This isn't an April Fool's joke.
Facebook (FB) front man Mark Zuckerberg is getting out ahead of his critics and the market is moving his stock higher in return.
Shares of the social media giant edged up by almost 1% in early pre-market hours after a Sunday op-ed penned by Zuckerberg in the Washington Post.
"I believe we need a more active role for governments and regulators," Zucerkberg wrote. "By updating the rules for the Internet, we can preserve what's best about it - the freedom for people to express themselves and for entrepreneurs to build new things - while also protecting society from broader harms."
The comments echo the feelings of Facebook's front office for quite some time, the idea that regulation is inevitable, but that a steering of the process is possible.
"It's not a question of if regulation, it's a question of what type,'" embattled COO Sheryl Sandberg said in a Senate hearing about a year ago. "We're open to regulation. We work with lawmakers all over the world."
The company has been no stranger to controversy, even since its inception, mostly avoiding the watchful eye of regulators until its disastrous Cambridge Analytica involvement in the lead up to the 2016 election.
With the 2020 election looming, it would appear Zuckerberg, and many Facebook investors, would like to avoid the possibility of further bad press and he has gotten out in front of the constant criticism. Going a step further he has laid out strategies for regulation that could help preserve his business model.
Catching Up Since Cambridge Analytica
Since that noteworthy Cambridge Analytica scandal, the political pressure has been almost unrelenting, both at home and abroad.
On the domestic front, the company remains under investigation by the Federal Trade Commission, according to an agency disclosure field on March 26.
"Companies who have settled previous FTC actions must also comply with FTC order provisions imposing privacy and data security requirements. Accordingly, the FTC takes very seriously recent press reports raising substantial concerns about the privacy practices of Facebook," the release states. "Today, the FTC is confirming that it has an open non-public investigation into these practices."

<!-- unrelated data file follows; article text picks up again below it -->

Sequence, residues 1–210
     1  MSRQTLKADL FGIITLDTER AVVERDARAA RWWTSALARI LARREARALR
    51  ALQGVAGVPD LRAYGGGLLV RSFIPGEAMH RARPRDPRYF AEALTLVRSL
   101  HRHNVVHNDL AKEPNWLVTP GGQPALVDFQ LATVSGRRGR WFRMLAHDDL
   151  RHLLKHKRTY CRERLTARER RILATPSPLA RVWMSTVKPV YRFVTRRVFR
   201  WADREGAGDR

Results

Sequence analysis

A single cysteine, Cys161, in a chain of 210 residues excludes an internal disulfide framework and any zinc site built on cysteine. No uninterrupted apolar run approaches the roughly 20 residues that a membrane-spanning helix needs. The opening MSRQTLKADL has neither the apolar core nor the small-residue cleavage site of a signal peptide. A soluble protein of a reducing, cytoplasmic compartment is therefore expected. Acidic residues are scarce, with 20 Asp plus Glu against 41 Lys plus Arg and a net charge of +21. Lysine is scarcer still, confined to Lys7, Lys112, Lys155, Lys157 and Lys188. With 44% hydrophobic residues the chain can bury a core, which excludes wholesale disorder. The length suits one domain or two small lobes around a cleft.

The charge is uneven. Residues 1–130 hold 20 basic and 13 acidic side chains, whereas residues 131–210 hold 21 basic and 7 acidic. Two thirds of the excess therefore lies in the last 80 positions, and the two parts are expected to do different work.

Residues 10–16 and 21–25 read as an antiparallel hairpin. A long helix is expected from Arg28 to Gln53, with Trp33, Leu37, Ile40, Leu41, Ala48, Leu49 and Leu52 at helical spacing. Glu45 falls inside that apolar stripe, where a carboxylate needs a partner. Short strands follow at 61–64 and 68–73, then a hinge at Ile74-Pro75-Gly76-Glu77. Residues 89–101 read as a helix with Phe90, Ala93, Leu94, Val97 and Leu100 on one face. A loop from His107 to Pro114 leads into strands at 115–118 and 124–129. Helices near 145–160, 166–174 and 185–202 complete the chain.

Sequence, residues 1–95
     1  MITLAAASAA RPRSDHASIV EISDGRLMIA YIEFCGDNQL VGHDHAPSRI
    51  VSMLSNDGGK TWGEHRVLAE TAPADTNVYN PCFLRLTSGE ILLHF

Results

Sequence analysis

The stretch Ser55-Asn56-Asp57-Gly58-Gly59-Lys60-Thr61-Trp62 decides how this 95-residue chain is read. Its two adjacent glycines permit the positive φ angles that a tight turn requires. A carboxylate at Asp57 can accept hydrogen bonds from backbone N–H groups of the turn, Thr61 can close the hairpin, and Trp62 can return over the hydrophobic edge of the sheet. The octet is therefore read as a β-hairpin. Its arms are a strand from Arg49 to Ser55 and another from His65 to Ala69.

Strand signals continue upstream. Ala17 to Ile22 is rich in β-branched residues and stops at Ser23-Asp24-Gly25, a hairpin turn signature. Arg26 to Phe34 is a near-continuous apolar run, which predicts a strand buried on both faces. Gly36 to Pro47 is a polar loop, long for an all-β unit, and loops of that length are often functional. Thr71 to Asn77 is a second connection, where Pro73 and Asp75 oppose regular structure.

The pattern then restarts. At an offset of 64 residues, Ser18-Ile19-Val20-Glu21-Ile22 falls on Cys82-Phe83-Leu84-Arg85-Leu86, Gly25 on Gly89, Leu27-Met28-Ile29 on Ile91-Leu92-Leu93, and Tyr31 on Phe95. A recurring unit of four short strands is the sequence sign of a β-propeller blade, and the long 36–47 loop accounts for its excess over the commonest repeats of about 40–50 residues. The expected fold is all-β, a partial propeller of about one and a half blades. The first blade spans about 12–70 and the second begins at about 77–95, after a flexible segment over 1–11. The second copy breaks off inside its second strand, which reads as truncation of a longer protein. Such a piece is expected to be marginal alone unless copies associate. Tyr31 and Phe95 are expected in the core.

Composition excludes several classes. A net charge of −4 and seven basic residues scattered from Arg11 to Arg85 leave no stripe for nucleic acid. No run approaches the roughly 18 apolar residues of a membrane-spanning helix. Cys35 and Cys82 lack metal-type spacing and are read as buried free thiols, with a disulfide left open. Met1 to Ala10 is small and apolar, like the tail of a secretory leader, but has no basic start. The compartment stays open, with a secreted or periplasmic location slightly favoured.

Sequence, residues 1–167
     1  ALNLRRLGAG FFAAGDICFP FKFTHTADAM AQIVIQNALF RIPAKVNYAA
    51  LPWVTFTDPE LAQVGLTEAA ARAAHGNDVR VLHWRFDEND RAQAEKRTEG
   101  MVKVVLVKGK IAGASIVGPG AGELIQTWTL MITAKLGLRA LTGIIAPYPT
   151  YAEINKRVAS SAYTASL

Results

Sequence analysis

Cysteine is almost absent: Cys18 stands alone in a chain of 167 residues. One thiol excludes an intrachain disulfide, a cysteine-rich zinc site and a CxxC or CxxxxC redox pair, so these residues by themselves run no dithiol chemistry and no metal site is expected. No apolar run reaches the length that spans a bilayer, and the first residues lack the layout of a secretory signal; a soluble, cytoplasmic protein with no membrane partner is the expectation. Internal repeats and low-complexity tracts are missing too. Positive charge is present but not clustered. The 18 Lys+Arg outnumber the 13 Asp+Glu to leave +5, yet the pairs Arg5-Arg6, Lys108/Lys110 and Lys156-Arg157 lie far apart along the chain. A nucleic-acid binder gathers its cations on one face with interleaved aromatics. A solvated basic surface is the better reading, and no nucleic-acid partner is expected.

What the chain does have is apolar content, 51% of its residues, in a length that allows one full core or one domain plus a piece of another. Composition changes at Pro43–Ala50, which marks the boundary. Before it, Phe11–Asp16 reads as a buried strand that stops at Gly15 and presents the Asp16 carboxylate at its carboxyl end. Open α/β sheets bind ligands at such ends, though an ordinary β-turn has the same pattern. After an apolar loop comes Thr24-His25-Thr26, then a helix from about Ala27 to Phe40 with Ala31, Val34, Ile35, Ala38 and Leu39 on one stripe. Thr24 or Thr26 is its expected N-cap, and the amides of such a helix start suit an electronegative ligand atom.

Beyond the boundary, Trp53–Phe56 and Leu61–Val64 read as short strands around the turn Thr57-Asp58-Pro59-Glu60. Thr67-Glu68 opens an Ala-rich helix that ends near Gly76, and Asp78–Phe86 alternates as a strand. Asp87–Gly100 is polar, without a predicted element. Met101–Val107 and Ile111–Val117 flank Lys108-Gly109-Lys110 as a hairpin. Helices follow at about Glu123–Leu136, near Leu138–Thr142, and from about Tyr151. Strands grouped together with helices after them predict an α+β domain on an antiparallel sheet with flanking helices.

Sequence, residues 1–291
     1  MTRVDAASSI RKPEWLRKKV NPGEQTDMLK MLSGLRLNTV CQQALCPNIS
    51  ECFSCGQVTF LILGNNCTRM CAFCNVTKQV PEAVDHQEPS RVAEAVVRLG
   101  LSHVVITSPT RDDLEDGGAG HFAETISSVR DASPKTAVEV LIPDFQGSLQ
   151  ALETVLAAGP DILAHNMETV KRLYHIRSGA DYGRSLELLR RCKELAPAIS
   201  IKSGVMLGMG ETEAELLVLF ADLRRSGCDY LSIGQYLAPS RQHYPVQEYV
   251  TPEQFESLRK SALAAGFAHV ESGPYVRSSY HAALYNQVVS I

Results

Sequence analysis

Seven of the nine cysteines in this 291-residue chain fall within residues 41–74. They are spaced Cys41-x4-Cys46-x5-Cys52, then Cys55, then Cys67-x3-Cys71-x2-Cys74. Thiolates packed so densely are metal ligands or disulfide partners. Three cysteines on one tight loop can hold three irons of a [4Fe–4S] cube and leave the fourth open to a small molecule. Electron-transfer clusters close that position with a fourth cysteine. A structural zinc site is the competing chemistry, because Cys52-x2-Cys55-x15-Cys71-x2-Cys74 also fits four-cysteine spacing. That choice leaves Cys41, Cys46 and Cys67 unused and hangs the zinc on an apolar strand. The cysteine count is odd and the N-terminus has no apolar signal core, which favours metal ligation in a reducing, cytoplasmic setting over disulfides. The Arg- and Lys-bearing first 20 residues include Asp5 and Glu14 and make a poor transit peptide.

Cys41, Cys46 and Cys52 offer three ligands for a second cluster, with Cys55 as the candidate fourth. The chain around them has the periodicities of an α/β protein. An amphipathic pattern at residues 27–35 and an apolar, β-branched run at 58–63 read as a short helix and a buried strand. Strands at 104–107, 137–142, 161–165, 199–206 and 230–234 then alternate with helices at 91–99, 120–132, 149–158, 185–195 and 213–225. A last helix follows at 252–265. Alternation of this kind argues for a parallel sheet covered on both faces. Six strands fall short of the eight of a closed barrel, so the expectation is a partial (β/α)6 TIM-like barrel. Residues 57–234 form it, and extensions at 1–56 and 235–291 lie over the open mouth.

The disclosed investigation adds to the complaints and questions coming from the U.S. Court of the Eastern District of New York, which is probing the company on its release of user data to partnered companies and a civil complaint from Ben Carson's department of Housing and Urban Development over data collection.
The data issue is one that has stretched abroad as well, given the continued inquiries of European regulators eager to enforce GDPR standards.
"Despite the changes that Facebook has made during the run-up to the GDPR, Facebook still violates the fundamental rights of millions of residents of Belgium," the Belgian Data Protection Authority (Gegevensbeschermingsautoriteit) said in a statement on March 26. "The obligations that were previously in the Privacy Act have been strengthened since 25 May 2018. The DPA will therefore ask the Court of Appeal of Brussels to confirm the judgment of the Court of First Instance of 16 February 2018, also for the future."
The firm stance on Facebook's transgressions in Belgium are echoed throughout much of the EU, with both German and Irish federal authorities filing similar claims.
The bloc of countries have not been shy to impose major penalties on GDPR-infringing companies in the past, charting record breaking fines on Alphabet (GOOGL) over the past year. Facebook has come into the same category, with rumored fines reaching well over $1 billion.
It would appear that Zuckerberg is looking to avoid being billed often by beseeching regulators for a baseline of regulations to abide by.
Setting the Strategy
In attempting to control the narrative it is important to asses what Zuckerberg's aims are.
"From what I've learned, I believe we need new regulation in four areas: harmful content, election integrity, privacy and data portability," Zuckerberg said in identifying the key issues he seeks to address.
Surprisingly, Zuckerberg was complimentary of the GDPR standards that threaten to sting his profits.
"I believe it would be good for the internet if more countries adopted regulation such as GDPR as a common framework," he wrote. "New privacy regulation in the United States and around the world should build on the protections GDPR provides."
However, he was quick to clarify that in his view data should not be required to be stored locally and argued for a global standard of regulations in order to avoid fielding complaints from numerous national and state entities.
He also argued that data portability is imperative, a key argument for his company that has built its future around WhatsApp, Instagram, Messenger, and the News Feed acting as an ecosystem where data can be shared freely.
"Regulation should guarantee the principle of data portability. If you share data with one service, you should be able to move it to another," Zuckerberg said. "This gives people choice and enables developers to innovate and compete."
He added that he will be happy to work with lawmakers to iron out the details of reasonable regulation.
"I believe Facebook has a responsibility to help address these issues, and I'm looking forward to discussing them with lawmakers around the world," Zuckerberg concluded. "But people shouldn't have to rely on individual companies addressing these issues by themselves. We should have a broader debate about what we want as a society and how regulation can help."
At the very least, it appears Zuckerberg may have angled himself a seat at the negotiating table with his op-ed article.
In Monday morning's early hours trading, the market appeared to appreciate his maneuvering.
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